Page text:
Authentic Ethnicities: The Interaction of Ideology, Gender Power, and Class in the Italian-American Experience

By Patricia Boscia-Mulè | Go to book overview

Italians vs. Italians:
Intragroup Perceptions and Relations

In these pages, I will analyze some comments by my first- and second - generation respondents, which reveal their perceptions of other Italian Americans, and their assessments on the Italian ethnic group as a whole.

All comments provide valuable information for meeting one main purpose of this study: to assess--as much as the small sample size allows it--the nature and quality of Italian Americans' in-group relations, by reconstructing them through my respondents' eyes.

Such an approach, drawing conclusions on a group's social reality on the basis of subjective interpretations, may be charged with analytical shortcomings. I believe, however, that analysts of ethnic groups have relied too heavily on sources such as census data, large-scale surveys, or closed questionnaires to "measure" people's ethnic experiences, both private and social (public). This approach is bound to obscure the significance of subjectivity as a building block of social life. Objective methods of analysis cannot fully grasp the very essence, the spirit of ethnic community life, which is made up as much by people's cognitive and ideological stance vis-à-vis its practices as by their "measurable" enactment of those practices in the dynamics of social interaction.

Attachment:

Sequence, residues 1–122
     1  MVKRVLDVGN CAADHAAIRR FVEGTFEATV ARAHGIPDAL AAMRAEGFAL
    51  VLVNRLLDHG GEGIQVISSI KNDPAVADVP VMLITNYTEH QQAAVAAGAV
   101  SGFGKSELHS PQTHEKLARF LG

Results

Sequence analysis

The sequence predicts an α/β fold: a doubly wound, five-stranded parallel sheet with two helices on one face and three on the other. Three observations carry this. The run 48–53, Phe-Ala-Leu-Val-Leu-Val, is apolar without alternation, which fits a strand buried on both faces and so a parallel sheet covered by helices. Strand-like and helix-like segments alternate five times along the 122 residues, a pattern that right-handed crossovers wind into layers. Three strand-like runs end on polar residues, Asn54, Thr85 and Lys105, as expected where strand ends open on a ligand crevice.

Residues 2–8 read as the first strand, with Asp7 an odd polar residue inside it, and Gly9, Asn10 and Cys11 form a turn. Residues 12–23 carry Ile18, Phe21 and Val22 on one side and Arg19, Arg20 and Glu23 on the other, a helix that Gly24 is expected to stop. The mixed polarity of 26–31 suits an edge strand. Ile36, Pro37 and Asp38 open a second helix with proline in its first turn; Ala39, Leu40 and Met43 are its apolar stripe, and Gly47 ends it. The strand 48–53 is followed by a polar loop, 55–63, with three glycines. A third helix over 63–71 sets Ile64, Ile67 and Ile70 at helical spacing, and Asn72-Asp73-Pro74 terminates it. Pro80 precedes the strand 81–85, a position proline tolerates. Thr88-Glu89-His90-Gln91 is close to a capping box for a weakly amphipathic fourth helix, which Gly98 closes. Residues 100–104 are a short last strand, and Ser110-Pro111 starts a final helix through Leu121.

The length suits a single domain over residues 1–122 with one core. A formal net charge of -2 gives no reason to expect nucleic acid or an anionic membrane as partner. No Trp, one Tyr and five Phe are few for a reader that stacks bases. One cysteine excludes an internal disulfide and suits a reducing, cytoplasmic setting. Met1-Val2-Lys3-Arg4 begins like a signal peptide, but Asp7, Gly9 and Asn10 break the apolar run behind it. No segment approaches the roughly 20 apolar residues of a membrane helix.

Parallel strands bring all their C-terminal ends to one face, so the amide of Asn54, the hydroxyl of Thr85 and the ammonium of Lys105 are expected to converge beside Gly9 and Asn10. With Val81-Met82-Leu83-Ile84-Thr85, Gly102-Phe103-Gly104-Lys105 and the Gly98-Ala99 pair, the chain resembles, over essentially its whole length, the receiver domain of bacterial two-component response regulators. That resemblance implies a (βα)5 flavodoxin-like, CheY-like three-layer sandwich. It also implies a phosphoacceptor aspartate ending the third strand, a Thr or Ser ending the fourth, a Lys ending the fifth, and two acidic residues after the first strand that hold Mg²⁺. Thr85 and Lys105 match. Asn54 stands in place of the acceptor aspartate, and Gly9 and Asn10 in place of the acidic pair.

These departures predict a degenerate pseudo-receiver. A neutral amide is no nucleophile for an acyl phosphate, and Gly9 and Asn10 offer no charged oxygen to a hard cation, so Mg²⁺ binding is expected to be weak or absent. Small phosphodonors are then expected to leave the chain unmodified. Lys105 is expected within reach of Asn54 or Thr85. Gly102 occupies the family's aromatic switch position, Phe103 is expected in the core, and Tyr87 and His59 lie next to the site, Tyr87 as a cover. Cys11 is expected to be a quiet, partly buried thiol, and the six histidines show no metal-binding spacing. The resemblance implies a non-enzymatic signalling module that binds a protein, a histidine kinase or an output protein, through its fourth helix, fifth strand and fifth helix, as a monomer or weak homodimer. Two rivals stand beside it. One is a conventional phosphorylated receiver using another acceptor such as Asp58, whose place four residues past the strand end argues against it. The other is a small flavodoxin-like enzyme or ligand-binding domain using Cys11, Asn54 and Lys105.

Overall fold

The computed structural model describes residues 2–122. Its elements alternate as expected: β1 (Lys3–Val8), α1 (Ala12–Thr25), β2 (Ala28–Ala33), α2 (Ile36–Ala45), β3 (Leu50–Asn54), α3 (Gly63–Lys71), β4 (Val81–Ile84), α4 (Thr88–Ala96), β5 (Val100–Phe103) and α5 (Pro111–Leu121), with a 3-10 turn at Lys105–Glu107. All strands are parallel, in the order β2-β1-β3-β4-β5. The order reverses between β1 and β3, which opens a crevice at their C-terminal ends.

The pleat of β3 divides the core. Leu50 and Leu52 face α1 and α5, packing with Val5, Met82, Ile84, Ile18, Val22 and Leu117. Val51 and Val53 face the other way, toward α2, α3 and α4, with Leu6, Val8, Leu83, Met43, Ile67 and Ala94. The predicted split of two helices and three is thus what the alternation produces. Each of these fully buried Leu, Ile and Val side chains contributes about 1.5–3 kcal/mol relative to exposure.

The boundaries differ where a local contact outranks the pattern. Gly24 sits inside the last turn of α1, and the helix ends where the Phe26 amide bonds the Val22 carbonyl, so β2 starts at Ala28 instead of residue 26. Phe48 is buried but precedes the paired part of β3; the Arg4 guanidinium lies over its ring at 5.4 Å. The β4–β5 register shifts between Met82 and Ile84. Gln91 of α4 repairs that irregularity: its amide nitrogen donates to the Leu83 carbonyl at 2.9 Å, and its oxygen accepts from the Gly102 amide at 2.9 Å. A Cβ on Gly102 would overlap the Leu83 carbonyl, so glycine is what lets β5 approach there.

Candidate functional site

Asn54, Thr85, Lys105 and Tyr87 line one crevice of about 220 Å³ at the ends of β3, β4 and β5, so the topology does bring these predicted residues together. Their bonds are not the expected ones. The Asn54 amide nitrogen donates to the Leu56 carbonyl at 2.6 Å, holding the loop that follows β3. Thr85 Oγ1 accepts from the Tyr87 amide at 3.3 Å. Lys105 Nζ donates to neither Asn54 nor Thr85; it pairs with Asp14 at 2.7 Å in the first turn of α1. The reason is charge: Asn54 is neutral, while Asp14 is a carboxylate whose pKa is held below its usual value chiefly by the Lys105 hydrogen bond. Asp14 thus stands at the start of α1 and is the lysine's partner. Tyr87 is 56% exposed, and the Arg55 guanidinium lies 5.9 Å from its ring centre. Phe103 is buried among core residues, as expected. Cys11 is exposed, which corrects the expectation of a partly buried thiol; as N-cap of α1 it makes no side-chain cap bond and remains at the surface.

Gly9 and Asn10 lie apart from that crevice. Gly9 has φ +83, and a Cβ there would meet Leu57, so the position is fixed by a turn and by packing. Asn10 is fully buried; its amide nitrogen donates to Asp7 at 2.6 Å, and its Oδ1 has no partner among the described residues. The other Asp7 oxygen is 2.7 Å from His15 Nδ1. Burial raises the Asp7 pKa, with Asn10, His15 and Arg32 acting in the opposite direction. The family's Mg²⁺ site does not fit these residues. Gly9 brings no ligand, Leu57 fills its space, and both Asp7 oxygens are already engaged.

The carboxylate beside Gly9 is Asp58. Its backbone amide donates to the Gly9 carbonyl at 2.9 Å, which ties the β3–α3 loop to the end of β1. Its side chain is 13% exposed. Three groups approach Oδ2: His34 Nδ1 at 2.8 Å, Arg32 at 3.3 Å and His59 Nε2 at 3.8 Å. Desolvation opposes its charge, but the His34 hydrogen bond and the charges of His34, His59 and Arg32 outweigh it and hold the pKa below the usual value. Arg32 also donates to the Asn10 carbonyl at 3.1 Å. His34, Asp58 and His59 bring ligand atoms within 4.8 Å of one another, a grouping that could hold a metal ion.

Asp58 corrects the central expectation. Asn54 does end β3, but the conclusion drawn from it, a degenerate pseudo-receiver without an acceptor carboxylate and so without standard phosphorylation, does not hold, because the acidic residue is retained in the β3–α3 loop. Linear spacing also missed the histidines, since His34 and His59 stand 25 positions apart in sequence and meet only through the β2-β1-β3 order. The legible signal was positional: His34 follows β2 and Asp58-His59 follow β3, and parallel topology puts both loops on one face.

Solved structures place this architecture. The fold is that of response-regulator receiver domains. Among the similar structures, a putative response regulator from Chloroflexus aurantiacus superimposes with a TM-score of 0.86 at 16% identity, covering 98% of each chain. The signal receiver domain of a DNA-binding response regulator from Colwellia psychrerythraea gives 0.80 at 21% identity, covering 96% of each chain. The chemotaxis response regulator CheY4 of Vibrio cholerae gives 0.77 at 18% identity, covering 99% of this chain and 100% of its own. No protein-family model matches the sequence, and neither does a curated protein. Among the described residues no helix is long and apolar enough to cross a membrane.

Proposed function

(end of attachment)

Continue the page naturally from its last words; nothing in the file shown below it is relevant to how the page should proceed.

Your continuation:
Within this study's analytical framework, a subjective approach to in-group social life is justified on a few accounts:

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Authentic Ethnicities: The Interaction of Ideology, Gender Power, and Class in the Italian-American Experience
Table of contents

Table of contents

  • Title Page iii
  • Contents vii
  • Acknowledgments ix
  • 1 - Introduction 1
  • 2 - The Study Design 7
  • 3 - Perspectives on Ethnicity 13
  • 4 - The Meaning of Familism 27
  • 5 - Tradition and Family Dynamics: Redefining Women's Domestic Power 47
  • Italians Vs. Italians: Intragroup Perceptions and Relations 69
  • 7 - Gender Differences in Social Behavior 101
  • 8 - A Look at the Third Generation 127
  • 9 - Conclusion 157
  • Notes 165
  • Bibliography 167
  • Index 175
  • About the Author 181
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